Australians reflect on WYD impact and its meaning for Madrid

Cheryl Fernandez addressed the Australia Rally 2 CNA340x269 World Catholic News 8 16 11 Cheryl Fernandez speaks with CNA during the rally for Australian pilgrims

The Catholic Church in Spain will benefit greatly from this week’s World Youth Day – and in ways that can’t be imagined yet, say Australian Catholics who hosted the 2008 gathering in Sydney.
“God works in many and mysterious ways - but God is at work,” said Cardinal George Pell of Syndey, after attending a rally of over 4,000 Australian pilgrims in Madrid on August 16.
“One of things we’ve learned in Sydney is that so many spontaneous growths and activities have sprung up themselves since World Youth Day. We haven’t really organized them, but when you plant seeds in the hearts of people they germinate and flower in very different ways,” he told CNA.
Today’s Australian gathering was held in the indoor Palacio de Deportes stadium in central Madrid. The event featured various testimonies from young people who had attended WYD in Sydney.
“Yeah, until I had to write my testimony I hadn’t realized just how much World Youth Day in Sydney has changed my life,” said 29-year-old teacher, Cheryl Fernandez, from Sydney.

She told the crowd of Australians how “it led me to know more about my faith and share it with others.”

Fernandez advised rookie WYD pilgrims “to take it all in this week. It can be really overwhelming so just let the Holy Spirit do his work.”

The two-hour celebration also featured indigenous Australian culture provided by didgeridoo player Robert Dann and several young aboriginal dancers. Time was also devoted to studying the life of Saint Mary MacKillop, the 19th century nun who last year became the first Australian to be canonized.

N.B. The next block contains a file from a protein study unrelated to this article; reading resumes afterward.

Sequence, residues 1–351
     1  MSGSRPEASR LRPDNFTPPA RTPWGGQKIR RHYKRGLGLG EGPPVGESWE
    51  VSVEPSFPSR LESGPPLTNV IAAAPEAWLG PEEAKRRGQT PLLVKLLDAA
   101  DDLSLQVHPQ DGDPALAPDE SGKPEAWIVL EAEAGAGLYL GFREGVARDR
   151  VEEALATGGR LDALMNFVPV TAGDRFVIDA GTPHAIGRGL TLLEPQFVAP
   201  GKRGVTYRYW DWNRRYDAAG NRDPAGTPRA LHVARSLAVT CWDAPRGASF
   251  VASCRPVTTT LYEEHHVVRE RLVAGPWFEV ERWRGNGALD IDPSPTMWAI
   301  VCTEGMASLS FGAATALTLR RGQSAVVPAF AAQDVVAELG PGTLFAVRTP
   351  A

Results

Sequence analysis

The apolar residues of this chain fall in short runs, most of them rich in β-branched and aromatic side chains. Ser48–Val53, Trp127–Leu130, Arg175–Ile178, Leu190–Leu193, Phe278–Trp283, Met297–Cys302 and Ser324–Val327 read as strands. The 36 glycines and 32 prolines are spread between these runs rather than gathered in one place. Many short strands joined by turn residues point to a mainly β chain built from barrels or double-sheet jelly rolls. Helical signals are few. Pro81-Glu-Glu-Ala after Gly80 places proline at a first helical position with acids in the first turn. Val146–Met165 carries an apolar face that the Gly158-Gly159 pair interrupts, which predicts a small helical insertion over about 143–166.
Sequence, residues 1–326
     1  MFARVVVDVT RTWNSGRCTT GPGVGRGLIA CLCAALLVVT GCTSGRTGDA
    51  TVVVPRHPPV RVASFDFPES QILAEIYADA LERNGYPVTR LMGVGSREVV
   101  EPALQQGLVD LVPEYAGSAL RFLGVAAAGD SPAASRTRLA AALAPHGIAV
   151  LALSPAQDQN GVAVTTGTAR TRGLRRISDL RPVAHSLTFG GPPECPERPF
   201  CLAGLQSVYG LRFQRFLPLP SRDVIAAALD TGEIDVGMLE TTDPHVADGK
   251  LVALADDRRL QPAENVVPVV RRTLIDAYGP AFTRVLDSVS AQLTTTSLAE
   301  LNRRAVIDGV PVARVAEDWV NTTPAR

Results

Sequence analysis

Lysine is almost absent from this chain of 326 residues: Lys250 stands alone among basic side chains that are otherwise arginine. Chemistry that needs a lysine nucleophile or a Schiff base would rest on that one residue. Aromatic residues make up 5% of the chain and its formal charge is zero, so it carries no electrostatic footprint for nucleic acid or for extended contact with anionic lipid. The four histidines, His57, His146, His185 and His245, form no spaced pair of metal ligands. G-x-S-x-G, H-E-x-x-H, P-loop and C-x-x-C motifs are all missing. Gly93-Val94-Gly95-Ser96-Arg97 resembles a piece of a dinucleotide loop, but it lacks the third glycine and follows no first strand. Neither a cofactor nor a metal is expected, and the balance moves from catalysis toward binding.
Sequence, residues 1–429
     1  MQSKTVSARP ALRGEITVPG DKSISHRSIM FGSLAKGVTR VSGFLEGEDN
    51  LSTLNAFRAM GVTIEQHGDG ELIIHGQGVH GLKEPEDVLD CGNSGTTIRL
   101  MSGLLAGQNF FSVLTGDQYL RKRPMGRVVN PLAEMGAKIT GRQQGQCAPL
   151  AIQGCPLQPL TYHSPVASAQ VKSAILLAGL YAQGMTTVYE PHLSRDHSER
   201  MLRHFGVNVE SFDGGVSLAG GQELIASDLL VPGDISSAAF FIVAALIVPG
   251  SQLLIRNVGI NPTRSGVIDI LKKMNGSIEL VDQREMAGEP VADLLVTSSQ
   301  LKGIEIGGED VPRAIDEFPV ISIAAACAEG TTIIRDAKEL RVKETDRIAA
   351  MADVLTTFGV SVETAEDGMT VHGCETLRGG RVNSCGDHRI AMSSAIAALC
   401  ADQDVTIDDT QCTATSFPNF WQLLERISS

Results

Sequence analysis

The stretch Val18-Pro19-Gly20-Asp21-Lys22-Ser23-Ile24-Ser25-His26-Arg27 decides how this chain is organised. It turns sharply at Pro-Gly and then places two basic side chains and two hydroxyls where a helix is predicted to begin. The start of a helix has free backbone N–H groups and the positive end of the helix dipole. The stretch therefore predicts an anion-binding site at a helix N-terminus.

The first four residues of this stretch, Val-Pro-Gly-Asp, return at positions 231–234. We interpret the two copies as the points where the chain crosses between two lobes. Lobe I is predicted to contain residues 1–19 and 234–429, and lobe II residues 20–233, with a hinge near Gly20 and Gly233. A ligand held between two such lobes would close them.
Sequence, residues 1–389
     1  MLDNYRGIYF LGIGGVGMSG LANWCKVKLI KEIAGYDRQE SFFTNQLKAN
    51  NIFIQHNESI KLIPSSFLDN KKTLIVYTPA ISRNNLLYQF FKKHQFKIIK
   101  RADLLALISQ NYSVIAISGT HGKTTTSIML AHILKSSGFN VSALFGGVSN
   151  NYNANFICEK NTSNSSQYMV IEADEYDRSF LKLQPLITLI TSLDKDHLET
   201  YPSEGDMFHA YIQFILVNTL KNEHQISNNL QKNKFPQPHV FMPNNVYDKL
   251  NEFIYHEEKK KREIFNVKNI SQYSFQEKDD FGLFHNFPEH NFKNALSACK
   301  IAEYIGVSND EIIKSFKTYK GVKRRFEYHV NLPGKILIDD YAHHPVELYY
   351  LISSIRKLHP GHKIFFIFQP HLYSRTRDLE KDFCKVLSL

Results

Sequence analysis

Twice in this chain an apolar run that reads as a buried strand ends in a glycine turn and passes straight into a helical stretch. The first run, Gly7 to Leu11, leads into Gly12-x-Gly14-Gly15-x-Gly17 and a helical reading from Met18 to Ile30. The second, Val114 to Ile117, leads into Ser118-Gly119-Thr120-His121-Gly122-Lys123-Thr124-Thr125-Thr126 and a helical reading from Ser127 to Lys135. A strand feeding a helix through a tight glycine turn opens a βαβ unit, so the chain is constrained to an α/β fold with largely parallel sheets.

The whole Madrid event was hosted by two young Australian Catholics - Kiri Groeneveld from Brisbane and Jack O’Sullivan from Melbourne.

“World Youth Day in Sydney really opened my eyes to the universality of the Catholic Church,” said 20-year-old Jack, a youth worker with his local diocese.

“Not only the diversity in Australia but of the whole world; we come from such different walks of life and yet share something so wonderful in common in our Catholic faith.”

A similar story was told by Therese Nichols who this week is leading a group of pilgrims from the Australian Catholic University.

“The Catholic University took seven pilgrims to World Youth Day in Cologne in 2005. This week we’ve got 87 pilgrims here. So what happened in between? Sydney World Youth Day,” said Therese to CNA.
One of the final speeches today came from Bishop Christopher Prowse of Sale in Victoria who challenged the thousands of young pilgrims in attendance to go back out into the world with an “attitude of the Gospel and not the attitude of a world that’s so confused – the ‘me’ world.”

“The more you run away from the cross of Jesus Christ, the more you will become despairing,” he said.

“The more you’ll wake up in the morning here in Madrid and say, ‘the showers were cold’, ‘there were no cornflakes for breakfast – it was all these coffee and cakes,’ ‘my feet are sore, there’s too much walking, ‘my pilgrim leader is bossy’, ‘those people from New South Wales make too much noise.’”

“It was fantastic, a really great way to kick-off the week,” said 26-year-old Angela Moore from Melbourne, as she began to leave the stadium.
“We’ve had a fantastic time at this Aussie gathering. It’s been so wonderful for our young people to come here and experience a gathering with so many young Catholics from Australia,” said 30-year-old group leader, Fran Davis, also from Melbourne.
“Yes, there’s no doubt whatsoever that time and time and time again WYD gatherings have demonstrated the strength of the faith and goodness of young people,” Cardinal Pell stated.
“The mixture works. There’s no doubting the evidence. It’s one of the greatest legacies of John Paul II.”

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